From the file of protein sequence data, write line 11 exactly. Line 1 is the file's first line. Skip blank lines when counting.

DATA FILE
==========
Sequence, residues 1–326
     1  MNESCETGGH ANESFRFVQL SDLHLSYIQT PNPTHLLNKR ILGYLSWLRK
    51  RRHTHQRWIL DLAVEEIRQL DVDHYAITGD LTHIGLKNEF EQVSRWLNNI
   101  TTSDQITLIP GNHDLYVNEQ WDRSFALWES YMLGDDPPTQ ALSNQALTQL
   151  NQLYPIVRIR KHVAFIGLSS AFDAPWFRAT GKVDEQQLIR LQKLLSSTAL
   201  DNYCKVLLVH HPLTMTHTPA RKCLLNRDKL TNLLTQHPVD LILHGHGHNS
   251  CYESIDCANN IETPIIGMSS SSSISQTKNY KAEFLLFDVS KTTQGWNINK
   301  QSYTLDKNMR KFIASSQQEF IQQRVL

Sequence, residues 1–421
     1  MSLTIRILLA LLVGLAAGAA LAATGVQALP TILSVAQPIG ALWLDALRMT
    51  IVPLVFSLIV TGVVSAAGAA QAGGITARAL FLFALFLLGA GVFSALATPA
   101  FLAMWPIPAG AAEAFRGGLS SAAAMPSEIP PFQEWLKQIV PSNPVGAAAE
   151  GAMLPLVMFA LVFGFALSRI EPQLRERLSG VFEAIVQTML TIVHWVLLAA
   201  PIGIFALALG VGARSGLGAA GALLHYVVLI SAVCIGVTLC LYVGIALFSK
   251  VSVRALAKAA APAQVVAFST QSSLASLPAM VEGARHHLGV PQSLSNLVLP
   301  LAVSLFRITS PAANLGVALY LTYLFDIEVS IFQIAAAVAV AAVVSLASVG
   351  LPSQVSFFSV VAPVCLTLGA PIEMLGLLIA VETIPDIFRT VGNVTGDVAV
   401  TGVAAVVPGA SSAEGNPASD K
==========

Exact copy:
    51  IVPLVFSLIV TGVVSAAGAA QAGGITARAL FLFALFLLGA GVFSALATPA